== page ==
Investing.com - The euro surged to the highest level since
October 2011 against the U.S. dollar on Friday, with moves
amplified in poor year-end liquidity after European Central Bank
Governing Council member Jens Weidmann warned against keeping
interest rates low.
EUR/USD rallied to 1.3894, the strongest level since October 31,
2011, before pulling back to settle at 1.3745, up 0.4%. For the
week, the pair advanced 0.53%.
The pair is likely to find support at 1.3672, the low from December
26 and resistance at 1.3894, Friday's high.
Trading volumes were thin as many investors already closed books
before the end of the year, reducing liquidity in the market and
increasing volatility, which helped exaggerate market moves.
ECB Governing Council member Weidmann, who also heads the German
Bundesbank, said Friday that keeping interest rates low may
endanger political reforms. He added that low inflation shouldn't
be used to justify loose monetary policy.
"We must take care to raise interest rates again in a timely manner
should inflation pressures build," Weidmann said.
Demand for the greenback remained supported amid expectations of
further stimulus tapering by the Federal Reserve. The U.S. central
bank will start reducing its bond-buying stimulus program by USD10
billion a month in January, amid indications of an improving U.S.
Some market participants believe the Fed will likely reduce its
bond purchases by USD10 billion in each of its next seven meetings
before ending the program in December 2014, as the U.S. recovery
Data on Thursday showed that the number of individuals filing for
initial jobless benefits declined by 42,000 to a seasonally
adjusted 338,000 last week. Analysts were expecting U.S. jobless
claims to fall by 35,000 to 345,000 from the previous week's
revised total of 380,000.
In the week ahead, the U.S. is to publish reports on pending home
sales, consumer confidence and jobless claims, as investors attempt
to gauge the strength of the world's largest economy.
Trading volumes are expected to remain light, with many markets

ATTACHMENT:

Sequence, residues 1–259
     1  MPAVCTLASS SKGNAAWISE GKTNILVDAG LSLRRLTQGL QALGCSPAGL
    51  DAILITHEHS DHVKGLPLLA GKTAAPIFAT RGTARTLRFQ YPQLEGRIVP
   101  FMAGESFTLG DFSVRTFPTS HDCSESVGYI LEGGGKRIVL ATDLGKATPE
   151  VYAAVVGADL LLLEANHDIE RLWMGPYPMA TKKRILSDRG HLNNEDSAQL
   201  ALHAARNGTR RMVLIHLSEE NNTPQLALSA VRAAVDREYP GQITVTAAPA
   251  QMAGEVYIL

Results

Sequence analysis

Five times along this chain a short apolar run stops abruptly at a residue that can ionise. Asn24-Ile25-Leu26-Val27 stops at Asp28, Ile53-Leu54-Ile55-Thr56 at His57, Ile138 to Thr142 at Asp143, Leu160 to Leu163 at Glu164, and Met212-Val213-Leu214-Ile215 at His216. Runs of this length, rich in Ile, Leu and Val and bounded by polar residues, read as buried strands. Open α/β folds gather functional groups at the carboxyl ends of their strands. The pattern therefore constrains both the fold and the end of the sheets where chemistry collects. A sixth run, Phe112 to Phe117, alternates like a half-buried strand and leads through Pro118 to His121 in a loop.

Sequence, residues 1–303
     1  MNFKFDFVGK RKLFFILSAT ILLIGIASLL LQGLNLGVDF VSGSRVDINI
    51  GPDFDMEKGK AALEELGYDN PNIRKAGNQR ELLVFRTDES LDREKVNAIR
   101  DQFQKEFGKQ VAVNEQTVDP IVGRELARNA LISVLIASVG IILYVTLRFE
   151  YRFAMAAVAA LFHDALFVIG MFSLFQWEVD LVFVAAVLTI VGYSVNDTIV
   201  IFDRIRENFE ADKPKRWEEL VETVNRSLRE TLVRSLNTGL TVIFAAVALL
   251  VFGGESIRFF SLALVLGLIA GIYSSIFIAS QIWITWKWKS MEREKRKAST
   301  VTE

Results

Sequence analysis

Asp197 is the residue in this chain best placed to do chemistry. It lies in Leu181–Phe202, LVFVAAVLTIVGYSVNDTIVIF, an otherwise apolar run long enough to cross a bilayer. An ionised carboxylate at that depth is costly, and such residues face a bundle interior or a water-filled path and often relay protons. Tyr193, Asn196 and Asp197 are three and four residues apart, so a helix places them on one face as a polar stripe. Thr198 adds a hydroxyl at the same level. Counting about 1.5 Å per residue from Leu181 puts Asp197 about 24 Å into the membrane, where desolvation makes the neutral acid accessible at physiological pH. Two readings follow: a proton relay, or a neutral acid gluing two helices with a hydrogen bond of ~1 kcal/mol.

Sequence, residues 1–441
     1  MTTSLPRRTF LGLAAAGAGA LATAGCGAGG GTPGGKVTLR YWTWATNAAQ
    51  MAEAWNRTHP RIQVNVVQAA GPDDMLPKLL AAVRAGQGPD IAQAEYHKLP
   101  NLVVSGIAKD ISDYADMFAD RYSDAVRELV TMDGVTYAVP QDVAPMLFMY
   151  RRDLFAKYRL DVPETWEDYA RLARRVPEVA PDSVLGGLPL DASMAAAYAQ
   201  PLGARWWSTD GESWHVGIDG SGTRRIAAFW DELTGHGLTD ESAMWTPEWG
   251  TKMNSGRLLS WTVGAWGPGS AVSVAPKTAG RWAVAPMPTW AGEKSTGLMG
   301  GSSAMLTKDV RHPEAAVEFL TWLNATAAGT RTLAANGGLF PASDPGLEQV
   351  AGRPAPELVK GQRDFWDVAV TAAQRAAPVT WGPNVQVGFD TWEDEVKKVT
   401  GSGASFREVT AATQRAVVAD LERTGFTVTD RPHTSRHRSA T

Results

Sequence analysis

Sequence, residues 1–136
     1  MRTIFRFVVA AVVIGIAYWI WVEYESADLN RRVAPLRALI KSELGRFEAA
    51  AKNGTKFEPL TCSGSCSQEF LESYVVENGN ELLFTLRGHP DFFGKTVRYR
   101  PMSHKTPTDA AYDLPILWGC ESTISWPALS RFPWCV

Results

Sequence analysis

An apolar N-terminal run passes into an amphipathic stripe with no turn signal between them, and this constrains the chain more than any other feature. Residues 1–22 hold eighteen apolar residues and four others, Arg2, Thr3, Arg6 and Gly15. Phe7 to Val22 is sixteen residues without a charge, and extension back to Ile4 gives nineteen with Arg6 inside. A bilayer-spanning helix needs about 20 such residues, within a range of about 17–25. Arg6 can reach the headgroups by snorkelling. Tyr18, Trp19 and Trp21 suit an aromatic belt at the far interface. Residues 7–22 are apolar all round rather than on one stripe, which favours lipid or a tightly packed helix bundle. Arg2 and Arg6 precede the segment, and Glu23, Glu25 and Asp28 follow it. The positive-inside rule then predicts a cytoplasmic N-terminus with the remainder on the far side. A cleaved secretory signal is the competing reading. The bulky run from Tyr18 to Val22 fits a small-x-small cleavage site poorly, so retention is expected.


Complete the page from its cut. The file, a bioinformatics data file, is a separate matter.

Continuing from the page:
closed for the New Year's holiday.
Ahead of the coming week, Investing.com has compiled a list of
these and other significant events likely to affect the markets.
Monday, December 30
Italy is to hold an auction of five-and-ten-year government debt.
Meanwhile, the U.S. is to release private sector data on pending
home sales, a leading indicator of economic health.
Tuesday, December 31
Markets in Germany will remain closed for New Year's Eve.
Meanwhile, the U.S. is to produce private sector data on consumer
confidence and house price inflation, as well as a report on
manufacturing activity in the Chicago region.
Wednesday, January 1
Markets in Europe and the U.S. will remain closed for the New
Thursday, January 2
The euro zone is to release revised data on its manufacturing PMI,
while Spain and Italy are also to release individual reports.
Later in the day, the Institute of Supply Management is to release
its manufacturing PMI, while the Labor Department is to release its
weekly report on initial jobless claims. The U.S. is also to
publish data on construction spending.
Friday, January 3
In the euro zone, Spain is to publish data on the change in the
number of people employed.
The U.S. is to round up the week with official data crude oil
stockpiles and natural gas inventories.
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